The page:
"You turn on the TV just to hear someone talk and shut it off in disgust it's so stupid. Music can help, but sometimes it feeds the bad mood. Weekends off are the worst..."

"…because you have two whole days to fill," he finished for her.

"It's pathetic." She ate another bite then smiled at him. "I'm shy; what's your excuse?"

Steve shook his head with a soft smile of his own, "Lunch isn't long enough to list them all."

"Challenge accepted," Megan shot back. "Celebrity status, very inconvenient. You can't know if they want your autograph or are waiting to ask for a picture. That's just here. Out in public has to be worse since they didn't get the "Avoid the Hero Worship" talk at orientation. Add in a huge helping of Everything's Changed, and you end up deciding staying home is easier. Irregular work hours? Makes it hard to join any clubs or take any classes. How am I doing?"

"They talk about me at orientation?"

Megan nodded, nothing his look of horror. "You get a whole slide in the unending PowerPoint presentation. But you take a good picture, so at least we had that to look at. Most of the other slides were full of words. And then they pretty much read the slides to us after giving us packets with them all preprinted. I hate that. And I'll shut up before I give you my 10-minute rant about how PowerPoint is abused by most presenters. But yes, they talk about you at orientation." Megan gestured to the empty chairs. "Do you want me to suggest they add a second slide about not treating you like a pariah?"

Steve's eyes widened in alarm, "No! Even one slide about me is too many. Still, it does explain some things I've noticed." He studied her intently before taking another bite. "Why didn't it keep you away?"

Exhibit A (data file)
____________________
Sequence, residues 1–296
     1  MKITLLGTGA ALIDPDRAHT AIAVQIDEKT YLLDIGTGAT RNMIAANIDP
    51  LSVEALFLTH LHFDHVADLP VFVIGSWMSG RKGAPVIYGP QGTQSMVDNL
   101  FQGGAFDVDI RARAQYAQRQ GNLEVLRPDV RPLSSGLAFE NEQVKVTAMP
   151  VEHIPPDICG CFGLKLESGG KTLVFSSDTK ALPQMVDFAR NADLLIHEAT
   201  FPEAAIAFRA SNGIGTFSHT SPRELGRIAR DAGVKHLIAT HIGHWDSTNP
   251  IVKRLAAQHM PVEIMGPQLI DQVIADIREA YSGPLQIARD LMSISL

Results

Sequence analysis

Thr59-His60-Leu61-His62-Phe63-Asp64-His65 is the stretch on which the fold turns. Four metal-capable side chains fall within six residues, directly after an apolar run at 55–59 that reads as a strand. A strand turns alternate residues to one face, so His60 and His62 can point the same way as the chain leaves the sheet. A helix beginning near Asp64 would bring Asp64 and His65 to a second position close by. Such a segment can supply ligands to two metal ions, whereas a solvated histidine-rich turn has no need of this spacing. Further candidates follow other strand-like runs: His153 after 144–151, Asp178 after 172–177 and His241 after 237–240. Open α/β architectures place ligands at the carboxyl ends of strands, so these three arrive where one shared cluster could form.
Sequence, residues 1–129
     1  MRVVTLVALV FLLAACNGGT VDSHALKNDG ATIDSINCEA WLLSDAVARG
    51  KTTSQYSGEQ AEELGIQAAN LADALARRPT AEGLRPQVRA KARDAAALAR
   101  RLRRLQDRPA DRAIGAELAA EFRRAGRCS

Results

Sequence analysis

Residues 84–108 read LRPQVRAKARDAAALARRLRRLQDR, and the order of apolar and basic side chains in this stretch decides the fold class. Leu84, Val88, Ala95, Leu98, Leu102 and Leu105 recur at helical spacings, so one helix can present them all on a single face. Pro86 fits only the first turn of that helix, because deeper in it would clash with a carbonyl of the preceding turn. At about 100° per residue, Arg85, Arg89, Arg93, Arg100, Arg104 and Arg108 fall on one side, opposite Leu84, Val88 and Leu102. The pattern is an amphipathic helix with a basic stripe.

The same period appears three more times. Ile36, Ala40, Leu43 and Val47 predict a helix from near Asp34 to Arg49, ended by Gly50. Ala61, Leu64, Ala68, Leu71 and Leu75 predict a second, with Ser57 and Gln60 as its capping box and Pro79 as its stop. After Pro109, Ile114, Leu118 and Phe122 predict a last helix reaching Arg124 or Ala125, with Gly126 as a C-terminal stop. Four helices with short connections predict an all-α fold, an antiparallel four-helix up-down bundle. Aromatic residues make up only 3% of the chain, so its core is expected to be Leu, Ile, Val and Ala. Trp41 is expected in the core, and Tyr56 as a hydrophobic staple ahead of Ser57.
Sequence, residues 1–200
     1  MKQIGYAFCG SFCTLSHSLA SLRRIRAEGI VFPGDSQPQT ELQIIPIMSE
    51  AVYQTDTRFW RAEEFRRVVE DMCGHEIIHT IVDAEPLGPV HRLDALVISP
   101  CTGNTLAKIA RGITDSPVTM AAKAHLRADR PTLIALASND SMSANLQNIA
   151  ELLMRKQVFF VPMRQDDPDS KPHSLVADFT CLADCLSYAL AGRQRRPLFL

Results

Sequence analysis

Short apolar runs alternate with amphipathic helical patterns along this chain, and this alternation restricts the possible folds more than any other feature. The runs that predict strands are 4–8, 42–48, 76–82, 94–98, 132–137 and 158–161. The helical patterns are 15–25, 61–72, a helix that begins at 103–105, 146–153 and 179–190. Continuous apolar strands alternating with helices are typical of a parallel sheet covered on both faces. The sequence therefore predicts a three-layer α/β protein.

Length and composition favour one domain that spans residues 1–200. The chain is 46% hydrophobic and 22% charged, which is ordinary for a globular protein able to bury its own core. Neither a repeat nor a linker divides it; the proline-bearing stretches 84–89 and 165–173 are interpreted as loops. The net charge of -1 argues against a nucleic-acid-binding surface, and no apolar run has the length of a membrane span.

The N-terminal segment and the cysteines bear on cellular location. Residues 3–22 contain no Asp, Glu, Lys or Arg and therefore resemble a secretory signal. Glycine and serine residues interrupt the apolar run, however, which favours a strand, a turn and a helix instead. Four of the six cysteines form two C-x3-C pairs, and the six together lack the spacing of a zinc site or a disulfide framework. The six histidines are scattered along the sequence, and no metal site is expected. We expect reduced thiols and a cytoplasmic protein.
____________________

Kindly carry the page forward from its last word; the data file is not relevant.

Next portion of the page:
Megan pointed at herself, "Shy introvert. I told you I'm using every trick in my arsenal." His gaze was still puzzled, so she continued, "Don't take this the wrong way, but one way I cope is trying to find someone who looks more miserable than I feel and talking to them."

Steven nodded thoughtfully, "I'll have to try that sometime."

"You'd be surprised how well it works. It doesn't fix the nausea ahead of time, but at least I'm keeping food down."

"You said you're only here temporarily. What do you do?"

"I'm a molecular biologist. I can't talk about the projects I'm working on, but basically, I tinker in the lab all day. My background is mainly with viruses, but I've also had some experience working with bacteria. I came in through a temp agency for an expansion in the biology division. With any luck, in 3 months they'll decide they want to hire me full time and I decide I like working here. Until then, it pays the bills and gives me more experience to put on my resume. Beats doing the traditional postdoc." She shrugged and took another bite.

"What's a postdoc?"

"Generally, you work in an academic lab under the supervision of another professor to prove you can do independent work. You have a lot of pressure to publish results and even get your own grants in a two to three year time frame. But the pay is lousy and the hours are insane. Universities are producing too many Ph.D. graduates, so often employers require at least one and sometimes two postdocs before they'll hire you for a 'real' job. I refuse to play their game. I'm ready to have a bit of a life."

"If there are too many graduates, why do the schools keep admitting students to their programs? That doesn't make sense." Steve shook his head. He rubbed his forehead, "Everything today is so complicated."

"Not really. It all comes down to money. Universities rely on the money the professors bring in from grants. To get the grants, the professors have to get a lot of publications. That means you need a small army of researchers doing all the work. The least expensive researchers are graduate students." Megan shrugged. "Money makes the world go round. Are you saying it didn't used to be like that?"